Prior to Mr. Williamson's work, many legal scholars and economists had seen vertical integration as a way to acquire market power. This argument made little sense, as antitrust scholars Robert Bork and the late Ward Bowman pointed out, because it's hard to multiply market power using vertical integration.
Mr. Williamson showed that horizontal mergers of companies in the same industry—even those that increase market power and even those where the increase in market power leads to a higher price—can create efficiency. The reason is that if mergers reduce costs, the reduction in costs can create more gains for the economy than the losses to consumers from the higher price.
In her work on development economics, Ms. Ostrom concludes that top-down solutions don't help poor countries. Are you listening, World Bank?
In a 2006 article with Harini Nagendra, Ms. Ostrom wrote: "We conclude that simple formulas focusing on formal ownership, particularly one based solely on public [government] ownership of forest lands, will not solve the problem of resource use." Garth Owen-Smith, who helped solve the common-resource problem of elephants in Namibia by ensuring that local residents shared in the financial benefits from tourism and trophy hunting, drew explicitly on Ms. Ostrom's work. If locals benefit from having a resident population of elephants, they are much less likely to poach and more likely to stop other poachers.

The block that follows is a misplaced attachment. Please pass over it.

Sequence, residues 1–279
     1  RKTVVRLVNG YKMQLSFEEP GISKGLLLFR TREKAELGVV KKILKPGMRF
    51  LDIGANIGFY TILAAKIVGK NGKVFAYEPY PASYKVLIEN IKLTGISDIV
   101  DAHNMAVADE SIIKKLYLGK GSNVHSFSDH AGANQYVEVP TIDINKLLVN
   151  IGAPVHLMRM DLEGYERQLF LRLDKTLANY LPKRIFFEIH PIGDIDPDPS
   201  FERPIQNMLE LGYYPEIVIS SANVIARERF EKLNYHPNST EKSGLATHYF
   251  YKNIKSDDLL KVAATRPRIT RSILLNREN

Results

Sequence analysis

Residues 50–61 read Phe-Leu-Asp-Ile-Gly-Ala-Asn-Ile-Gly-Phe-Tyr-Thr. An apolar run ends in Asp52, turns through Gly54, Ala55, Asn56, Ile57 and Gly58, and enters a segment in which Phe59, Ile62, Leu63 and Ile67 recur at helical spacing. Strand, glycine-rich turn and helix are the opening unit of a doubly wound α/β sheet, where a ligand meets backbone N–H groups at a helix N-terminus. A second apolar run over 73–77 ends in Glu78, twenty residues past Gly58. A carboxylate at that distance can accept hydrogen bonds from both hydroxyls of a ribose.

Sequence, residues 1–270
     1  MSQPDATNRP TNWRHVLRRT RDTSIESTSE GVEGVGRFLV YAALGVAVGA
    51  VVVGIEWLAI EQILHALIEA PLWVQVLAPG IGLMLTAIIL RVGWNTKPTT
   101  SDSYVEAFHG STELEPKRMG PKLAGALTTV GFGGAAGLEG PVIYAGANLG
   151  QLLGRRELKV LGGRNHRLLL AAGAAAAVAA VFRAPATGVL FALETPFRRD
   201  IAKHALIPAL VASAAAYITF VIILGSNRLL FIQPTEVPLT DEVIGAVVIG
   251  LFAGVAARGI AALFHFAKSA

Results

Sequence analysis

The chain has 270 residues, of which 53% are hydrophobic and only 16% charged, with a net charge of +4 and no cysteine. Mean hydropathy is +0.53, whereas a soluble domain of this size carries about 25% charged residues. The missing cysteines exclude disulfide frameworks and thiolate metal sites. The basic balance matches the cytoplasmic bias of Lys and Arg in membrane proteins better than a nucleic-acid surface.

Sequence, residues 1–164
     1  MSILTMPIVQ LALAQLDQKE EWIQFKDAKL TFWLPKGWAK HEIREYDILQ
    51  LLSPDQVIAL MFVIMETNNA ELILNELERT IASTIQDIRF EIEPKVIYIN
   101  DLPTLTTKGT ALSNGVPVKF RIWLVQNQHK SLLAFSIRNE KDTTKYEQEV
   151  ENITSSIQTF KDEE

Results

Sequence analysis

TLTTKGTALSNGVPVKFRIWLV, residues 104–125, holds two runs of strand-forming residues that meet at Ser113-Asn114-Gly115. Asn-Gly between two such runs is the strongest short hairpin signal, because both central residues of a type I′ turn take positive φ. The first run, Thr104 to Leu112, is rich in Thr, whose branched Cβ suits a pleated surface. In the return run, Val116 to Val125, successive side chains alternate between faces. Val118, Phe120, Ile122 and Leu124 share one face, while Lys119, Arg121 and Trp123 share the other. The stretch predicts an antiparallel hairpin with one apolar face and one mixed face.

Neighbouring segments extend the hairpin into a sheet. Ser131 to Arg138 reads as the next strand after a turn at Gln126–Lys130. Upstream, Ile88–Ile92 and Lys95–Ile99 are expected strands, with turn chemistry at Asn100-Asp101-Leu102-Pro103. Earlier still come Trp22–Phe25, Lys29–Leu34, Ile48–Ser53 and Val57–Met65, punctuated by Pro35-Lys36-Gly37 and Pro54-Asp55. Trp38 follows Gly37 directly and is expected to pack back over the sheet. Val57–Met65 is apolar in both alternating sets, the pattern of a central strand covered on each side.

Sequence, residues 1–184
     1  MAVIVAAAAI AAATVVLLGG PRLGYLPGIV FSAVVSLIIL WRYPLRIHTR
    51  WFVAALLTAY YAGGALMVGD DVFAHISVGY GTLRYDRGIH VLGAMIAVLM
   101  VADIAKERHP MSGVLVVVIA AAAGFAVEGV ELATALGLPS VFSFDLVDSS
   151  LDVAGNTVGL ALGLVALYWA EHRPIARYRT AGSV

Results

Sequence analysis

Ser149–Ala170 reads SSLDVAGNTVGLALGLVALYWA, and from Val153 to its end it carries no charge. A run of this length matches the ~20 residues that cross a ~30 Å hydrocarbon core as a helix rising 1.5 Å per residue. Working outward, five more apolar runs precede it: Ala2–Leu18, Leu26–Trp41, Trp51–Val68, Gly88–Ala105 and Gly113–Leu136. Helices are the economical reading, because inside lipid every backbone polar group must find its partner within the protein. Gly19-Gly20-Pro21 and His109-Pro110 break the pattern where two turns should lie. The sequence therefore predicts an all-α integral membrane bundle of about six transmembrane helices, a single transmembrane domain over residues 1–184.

Elinor Ostrom has demonstrated empirically that “the” state may not be “the” solution. Her work argues for the wisdom of institutional diversity, looking to individuals to solve problems rather than relying on top down, one-size-fits-all solutions. The conventional wisdom assumes that natural resources and environmental problems should be solved in a centralized—and if possible, global—manner. Through innovative analysis in the field, in the experimental laboratory, and in theory, Ostrom’s work has show that creative solutions to problems such as the depletion of common pool resources exist outside of the sphere of national governments. Hence today’s announcement that she had received the 2009 Nobel Memorial Prize in Economic Sciences.